I have been spending some time thinking about how I could allow a user to interact with a custom Windows service that I had written. I want to allow the user to alter the configuration of the service and to receive feedback on the different processes occurring inside this service. In the past I had written a Windows application that used TCP/IP to communicate with the service. To me this seemed a bit much since I now have to maintain not only a Windows service but also a Windows client application… not to mention all of the work to add the TCP/IP communication layer. I want something simple to deploy, simple to manage and of course simple to code.
In my search for the ultimate solution I came across a nice little gem in the .NET 2.0/3.0 framework that I had not previously not seen; the HttpListener class. This class is amazing! Before jumping to far into this you need to understand that the HttpListner class only works for Windows XP SP2 and Windows Server 2003. I have not tested it on Vista but I am guessing that it would also work under that operating system; you can always use the HttpListner.IsSupported static property to check if the run time operating system supports this class.
With the HttpListener class I can easily have my Windows service accept HTTP connections and respond to them appropriately. This means I can have a simple HTML UI for my Windows Service without any IIS configuration or complex coding.
The HttpListener class can handle connections in either a synchronous or asynchronous manner. In my Windows service I have decided to use the asynchronous method so that my service can continue to operate without the need for me to write any complex threading code. Therefore I utilized the BeginGetContext and EndGetContext methods of the HttpListener class.
The BeginGetContext method accepts two parameters; a callback delegate and a state object. The callback delegate is pretty self-explanatory but you may wonder what the state object is. The state object is any object that you want passed to the callback method. I would believe that most of the time you would want to use the instance of your HttpListener class as the state object so you have access to the HttpListener class methods and properties in your callback.
Using the HttpListener class is simple. Below is a quick checklist that will get you started.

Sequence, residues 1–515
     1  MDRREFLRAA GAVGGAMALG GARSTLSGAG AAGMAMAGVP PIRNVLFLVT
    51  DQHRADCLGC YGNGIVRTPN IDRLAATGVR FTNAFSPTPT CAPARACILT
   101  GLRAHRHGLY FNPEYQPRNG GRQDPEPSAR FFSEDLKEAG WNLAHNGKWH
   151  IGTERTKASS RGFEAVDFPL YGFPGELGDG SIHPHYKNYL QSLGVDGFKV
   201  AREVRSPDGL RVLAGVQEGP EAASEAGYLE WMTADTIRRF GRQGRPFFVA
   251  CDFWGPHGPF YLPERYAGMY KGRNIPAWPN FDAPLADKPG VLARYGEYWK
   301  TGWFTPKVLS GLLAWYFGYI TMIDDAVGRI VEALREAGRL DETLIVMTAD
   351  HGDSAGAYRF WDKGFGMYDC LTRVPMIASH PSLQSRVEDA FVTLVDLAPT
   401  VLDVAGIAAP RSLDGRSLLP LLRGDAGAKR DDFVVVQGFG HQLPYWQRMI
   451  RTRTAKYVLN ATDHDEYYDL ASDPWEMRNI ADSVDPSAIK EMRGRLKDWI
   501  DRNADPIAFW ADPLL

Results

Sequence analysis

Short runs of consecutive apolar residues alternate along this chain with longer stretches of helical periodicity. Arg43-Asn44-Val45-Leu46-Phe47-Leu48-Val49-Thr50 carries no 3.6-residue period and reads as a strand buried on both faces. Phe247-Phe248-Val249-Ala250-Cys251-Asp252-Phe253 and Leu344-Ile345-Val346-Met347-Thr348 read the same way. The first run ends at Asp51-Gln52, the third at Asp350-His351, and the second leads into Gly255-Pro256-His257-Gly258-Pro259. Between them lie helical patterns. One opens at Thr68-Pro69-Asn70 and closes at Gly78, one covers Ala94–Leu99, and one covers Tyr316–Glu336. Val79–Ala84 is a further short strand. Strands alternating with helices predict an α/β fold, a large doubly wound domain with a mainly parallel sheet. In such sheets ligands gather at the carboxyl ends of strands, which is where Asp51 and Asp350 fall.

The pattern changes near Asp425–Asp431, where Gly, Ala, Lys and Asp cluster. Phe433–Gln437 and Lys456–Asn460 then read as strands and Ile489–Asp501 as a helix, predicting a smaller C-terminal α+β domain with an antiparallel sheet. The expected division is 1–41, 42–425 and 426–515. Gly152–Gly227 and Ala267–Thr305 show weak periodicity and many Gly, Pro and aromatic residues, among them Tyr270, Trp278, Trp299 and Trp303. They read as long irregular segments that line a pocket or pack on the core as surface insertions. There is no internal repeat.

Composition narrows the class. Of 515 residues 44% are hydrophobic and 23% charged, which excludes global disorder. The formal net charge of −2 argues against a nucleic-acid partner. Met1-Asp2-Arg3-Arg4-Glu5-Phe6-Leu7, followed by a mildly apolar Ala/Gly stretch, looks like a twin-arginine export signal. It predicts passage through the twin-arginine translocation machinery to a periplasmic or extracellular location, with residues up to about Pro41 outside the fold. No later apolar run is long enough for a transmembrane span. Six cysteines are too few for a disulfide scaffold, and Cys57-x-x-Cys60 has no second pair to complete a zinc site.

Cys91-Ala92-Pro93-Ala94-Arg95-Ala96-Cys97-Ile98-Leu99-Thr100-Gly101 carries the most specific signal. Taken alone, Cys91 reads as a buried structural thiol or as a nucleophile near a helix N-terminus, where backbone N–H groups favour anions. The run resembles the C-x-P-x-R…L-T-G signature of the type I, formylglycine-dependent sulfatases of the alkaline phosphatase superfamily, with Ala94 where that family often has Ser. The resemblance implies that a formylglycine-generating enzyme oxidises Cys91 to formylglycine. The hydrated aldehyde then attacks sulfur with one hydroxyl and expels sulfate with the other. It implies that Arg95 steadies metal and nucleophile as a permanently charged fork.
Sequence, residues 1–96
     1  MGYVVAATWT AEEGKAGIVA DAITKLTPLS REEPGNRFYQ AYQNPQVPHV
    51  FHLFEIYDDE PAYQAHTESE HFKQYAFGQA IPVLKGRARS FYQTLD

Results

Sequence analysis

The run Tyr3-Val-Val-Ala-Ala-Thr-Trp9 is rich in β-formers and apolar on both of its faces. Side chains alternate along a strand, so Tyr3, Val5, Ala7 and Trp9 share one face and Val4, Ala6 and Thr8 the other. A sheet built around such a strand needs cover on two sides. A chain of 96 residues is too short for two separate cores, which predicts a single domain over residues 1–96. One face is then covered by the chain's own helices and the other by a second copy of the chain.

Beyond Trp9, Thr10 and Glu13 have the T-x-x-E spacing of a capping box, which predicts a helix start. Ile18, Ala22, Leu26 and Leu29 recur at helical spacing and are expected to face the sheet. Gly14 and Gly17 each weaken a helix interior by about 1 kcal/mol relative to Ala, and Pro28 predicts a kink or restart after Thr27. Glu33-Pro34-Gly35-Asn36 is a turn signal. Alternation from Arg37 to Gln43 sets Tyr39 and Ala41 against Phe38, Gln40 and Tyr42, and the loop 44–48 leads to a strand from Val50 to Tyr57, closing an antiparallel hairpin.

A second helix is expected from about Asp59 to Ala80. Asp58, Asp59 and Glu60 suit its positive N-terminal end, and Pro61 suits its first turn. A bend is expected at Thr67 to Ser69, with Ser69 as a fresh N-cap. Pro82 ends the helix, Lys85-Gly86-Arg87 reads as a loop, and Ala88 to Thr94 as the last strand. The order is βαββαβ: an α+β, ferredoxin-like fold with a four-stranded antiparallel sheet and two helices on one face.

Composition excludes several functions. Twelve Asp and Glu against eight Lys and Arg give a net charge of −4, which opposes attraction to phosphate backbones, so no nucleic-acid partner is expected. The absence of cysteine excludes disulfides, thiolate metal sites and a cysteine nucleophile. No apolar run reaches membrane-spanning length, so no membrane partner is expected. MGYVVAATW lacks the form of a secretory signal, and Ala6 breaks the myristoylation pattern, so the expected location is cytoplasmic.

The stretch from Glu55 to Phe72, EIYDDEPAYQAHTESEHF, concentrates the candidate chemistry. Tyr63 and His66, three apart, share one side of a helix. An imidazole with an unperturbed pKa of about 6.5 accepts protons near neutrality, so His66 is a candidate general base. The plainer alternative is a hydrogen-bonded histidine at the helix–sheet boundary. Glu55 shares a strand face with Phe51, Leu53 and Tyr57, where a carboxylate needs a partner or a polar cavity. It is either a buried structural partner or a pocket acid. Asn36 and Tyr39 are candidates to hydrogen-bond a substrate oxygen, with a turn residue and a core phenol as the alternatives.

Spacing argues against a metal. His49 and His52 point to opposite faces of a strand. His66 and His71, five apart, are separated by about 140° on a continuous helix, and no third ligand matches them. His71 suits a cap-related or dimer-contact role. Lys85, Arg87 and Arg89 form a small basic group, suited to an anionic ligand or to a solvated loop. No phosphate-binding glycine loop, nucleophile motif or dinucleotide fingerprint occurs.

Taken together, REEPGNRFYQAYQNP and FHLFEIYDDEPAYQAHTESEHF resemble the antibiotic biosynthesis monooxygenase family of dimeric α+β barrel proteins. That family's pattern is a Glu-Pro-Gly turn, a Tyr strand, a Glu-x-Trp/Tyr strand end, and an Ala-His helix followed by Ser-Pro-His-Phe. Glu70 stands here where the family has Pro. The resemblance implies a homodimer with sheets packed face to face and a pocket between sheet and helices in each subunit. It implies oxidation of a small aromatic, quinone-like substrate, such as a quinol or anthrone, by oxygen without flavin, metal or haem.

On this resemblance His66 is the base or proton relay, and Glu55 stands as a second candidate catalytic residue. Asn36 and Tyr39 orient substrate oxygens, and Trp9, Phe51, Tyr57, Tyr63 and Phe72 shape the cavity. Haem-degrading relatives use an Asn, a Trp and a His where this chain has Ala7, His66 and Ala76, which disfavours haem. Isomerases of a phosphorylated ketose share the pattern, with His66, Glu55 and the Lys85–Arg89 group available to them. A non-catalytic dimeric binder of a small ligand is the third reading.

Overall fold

Starting the HttpListener
1. Verify that the user’s OS supports HttpListener by using the IsSupported static property.
2. Create an instance of the HttpListener class.
3. Specify the prefixes that the HttpListener will respond to. For example http://blog.mikehacker.net:8080
4. Start the listener using the Start method.
5. Call the BeginGetContext method passing in the callback delegate and the instance of HttpListener created in step 2.
Responding to connections
1. Create a new method with the name used for the delegate in the BeginGetContext call. This method should accept an IASyncResult parameter.
2. Retrieve the HttpListener instance from the IASyncResult parameter using the get_AsyncState method.
3. Use the HttpListener object from step #2 to access the context, request and response objects.
4. Craft your HTML output string and then convert it to a ubyte array.
5. Specify the length of the output HTML ubyte array in the HttpListener’s response object. Do this using the set_ContentLength64 method.
6. Use the HttpListener’s response object’s get_OutputStream method to access the response data stream.
7. Write your HTML ubyte array to the output stream.
8. Call the BeginGetContext method so that the listener can respond to the next connection.
Ok… so starting the HttpListener sounds simple but the responding to connections does appear to be a bit more complicated. In a future post I will show the code for creating a simple asynchronous HttpListener. Stay tuned for more…. J